The “scent of home” – if I were to ask you what that means to you, what would you say? I’m not talking about the Febreze commercials where your son’s room smells like a gym locker. This is more along the lines of a scene in Disney’s Ratatouille where the food critic flashes back to a moment in childhood, sitting at a rustic kitchen table where someone who loves him has prepared a meal for him. Each of us have experienced moments like that, where a sight or scent triggers memories of a time and place that once was home. For me it can be fresh sawdust, taking me back to hours spent in my dad’s workshop, sawing and hammering as a child. Or, a salty sea breeze, and I’m suddenly 7 years old again, building castles and burying jellyfish in wet sand by the Atlantic Ocean. Certain soaps remind me of my grandmother’s house and of her hug. Home. For some, “home” is about the people around you. For others, it’s a place or country where you were raised or spent years of your life. I’ve heard that missionary kids, military families, and others who moved several times growing up may struggle to pinpoint a particular place they’d call “home.” Yet we all have an idea of what home is or could or should be.
Today’s portrait is based on a senior photo-shoot I did several years ago. When I talked with Anya about what setting she’d like for her photos, she mentioned a prairie preserve nearby. She said the prairie paths and flowers reminded her of the Ukraine where she grew up. Anya is an American citizen now. So, in most ways, America is home now. But yellow and blue is woven into the fabric of her character, her values, her family’s cultural heritage. If you look up the meaning behind the Ukrainian flag, you find that yellow represents fields of wheat, and the blue symbolizes sky, mountains, and streams. No surprise then that nature, fields of wild flowers, and fresh air are the “scent of home” for Anya.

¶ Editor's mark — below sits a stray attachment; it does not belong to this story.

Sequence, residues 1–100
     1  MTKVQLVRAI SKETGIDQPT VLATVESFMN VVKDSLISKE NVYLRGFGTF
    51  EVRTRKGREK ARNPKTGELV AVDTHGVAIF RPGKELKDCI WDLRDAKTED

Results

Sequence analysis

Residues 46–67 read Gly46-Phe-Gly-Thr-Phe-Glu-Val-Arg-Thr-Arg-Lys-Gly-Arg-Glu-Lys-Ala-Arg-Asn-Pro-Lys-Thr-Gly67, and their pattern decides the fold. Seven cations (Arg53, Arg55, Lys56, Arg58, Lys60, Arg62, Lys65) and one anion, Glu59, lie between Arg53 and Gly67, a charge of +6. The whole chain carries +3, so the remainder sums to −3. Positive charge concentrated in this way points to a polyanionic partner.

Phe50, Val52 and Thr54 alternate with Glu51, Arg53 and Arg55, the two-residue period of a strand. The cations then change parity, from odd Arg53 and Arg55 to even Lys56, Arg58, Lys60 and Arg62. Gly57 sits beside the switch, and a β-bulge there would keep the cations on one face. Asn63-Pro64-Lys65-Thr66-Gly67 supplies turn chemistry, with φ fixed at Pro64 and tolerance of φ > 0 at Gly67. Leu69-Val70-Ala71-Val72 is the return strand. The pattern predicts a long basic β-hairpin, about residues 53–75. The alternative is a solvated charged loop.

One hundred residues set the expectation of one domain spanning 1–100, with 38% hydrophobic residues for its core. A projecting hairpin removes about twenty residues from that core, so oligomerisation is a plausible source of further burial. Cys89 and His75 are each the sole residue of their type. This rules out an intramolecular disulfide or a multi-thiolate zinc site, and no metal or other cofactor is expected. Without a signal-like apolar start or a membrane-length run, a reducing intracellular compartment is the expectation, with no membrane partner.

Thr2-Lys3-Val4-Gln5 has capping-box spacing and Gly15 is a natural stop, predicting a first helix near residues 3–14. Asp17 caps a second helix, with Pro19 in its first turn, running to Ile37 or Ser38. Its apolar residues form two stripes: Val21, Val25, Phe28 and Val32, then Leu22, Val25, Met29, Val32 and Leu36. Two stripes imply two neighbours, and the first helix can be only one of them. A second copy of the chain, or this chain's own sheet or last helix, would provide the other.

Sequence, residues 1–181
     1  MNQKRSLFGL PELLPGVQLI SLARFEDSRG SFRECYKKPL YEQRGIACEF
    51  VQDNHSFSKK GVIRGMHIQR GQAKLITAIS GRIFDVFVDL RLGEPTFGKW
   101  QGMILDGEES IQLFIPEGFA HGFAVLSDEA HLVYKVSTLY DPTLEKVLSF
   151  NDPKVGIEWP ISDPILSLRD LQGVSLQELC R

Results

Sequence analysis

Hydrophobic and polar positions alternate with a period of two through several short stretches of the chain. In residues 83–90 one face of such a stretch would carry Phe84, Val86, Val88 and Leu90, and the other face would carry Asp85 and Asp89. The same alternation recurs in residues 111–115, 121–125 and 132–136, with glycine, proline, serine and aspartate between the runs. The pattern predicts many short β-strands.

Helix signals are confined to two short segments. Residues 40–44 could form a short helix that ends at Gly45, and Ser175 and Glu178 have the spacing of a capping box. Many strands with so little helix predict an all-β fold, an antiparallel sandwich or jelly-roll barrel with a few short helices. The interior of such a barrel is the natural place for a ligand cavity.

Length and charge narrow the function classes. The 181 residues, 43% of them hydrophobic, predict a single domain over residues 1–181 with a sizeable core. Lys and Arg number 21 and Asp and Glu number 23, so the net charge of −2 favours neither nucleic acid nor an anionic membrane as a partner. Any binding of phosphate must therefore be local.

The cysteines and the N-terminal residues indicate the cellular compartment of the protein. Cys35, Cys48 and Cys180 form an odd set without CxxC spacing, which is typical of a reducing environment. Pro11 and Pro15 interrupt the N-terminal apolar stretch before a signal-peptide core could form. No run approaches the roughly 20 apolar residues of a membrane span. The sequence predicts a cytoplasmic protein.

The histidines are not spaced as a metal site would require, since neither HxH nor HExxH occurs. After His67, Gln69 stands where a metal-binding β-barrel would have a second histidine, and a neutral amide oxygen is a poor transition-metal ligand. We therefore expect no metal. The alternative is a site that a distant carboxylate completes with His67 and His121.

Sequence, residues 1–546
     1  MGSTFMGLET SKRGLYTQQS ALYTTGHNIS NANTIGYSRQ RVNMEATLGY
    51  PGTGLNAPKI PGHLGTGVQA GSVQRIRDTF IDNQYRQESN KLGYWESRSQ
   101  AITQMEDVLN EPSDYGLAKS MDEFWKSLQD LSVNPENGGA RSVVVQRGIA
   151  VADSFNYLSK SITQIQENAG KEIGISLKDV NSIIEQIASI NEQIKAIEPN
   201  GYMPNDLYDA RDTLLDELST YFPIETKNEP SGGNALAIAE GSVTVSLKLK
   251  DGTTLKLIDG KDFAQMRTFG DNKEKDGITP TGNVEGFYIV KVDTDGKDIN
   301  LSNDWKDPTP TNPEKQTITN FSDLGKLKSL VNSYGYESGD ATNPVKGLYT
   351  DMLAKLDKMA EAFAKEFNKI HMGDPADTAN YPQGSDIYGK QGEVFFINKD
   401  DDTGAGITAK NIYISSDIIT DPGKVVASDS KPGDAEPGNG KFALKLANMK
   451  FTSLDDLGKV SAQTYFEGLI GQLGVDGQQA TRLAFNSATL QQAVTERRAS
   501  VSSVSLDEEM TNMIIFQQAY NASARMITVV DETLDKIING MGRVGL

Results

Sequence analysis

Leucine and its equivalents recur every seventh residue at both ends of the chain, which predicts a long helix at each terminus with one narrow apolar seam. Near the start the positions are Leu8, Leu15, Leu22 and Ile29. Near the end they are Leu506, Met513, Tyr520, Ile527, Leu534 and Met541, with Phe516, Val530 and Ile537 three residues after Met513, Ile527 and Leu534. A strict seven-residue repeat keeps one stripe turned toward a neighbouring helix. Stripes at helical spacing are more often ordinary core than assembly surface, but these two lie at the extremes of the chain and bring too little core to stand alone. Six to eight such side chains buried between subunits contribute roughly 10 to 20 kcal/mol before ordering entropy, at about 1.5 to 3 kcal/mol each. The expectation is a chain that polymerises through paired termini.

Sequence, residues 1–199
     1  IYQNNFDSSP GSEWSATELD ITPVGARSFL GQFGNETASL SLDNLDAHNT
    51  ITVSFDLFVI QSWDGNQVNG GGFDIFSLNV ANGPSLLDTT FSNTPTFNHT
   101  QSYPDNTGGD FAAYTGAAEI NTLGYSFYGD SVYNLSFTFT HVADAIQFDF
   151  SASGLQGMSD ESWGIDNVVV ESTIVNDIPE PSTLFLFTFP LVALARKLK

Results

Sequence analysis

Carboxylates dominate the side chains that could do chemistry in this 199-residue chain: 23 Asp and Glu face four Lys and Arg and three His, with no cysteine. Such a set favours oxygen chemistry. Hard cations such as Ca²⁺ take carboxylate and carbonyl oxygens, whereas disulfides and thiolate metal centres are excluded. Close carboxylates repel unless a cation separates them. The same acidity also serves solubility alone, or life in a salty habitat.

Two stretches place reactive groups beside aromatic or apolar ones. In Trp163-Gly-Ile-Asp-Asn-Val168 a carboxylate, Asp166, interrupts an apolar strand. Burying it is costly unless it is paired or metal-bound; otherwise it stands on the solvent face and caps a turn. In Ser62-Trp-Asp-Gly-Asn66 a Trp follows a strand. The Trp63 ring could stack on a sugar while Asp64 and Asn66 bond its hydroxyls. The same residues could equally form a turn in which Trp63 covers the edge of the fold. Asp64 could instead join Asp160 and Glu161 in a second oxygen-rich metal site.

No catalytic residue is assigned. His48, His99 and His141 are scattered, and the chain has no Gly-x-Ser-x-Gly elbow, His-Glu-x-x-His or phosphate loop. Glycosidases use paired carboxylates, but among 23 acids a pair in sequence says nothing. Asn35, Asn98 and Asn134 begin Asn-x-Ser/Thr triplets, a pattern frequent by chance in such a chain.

C.S. Lewis talks about the common human longing for our own “far-off country.” In The Weight of Glory (Oxford, 1942) he says, “These things – the beauty, the memory of our own past – are good images of what we really desire…but they are not the thing itself; they are only the scent of a flower we have not found, the echo of a tune we have not heard, news from a country we have never visited.” He goes on to comment about philosophies that try to “convince you that earth is your home…by trying to persuade you that earth can be made into heaven, thus giving a sop to your sense of exile in earth as it is.” But, he continues, “we remain conscious of a desire which no natural happiness will satisfy.”
For myself, I can attest to a feeling that the sense of “home” I long for is elusive. Were I to return to my 7-year-old self at the beach, would I really savor the sun on my face and the salty taste on my tongue? Or would I more likely be squabbling with my brother about who gets to use the shovel next, and nervous about jellyfish stings when I do dive into the waves? Time has a way of filtering our memories. Like a soft-focus lens, it blurs the edges, emphasizing what we want, need, long for and deemphasizing other details. According to Lewis, “home” is elusive, not because it never existed, but because our desire points us to a home we haven’t visited yet…a “splendor, which nature fitfully reflects.”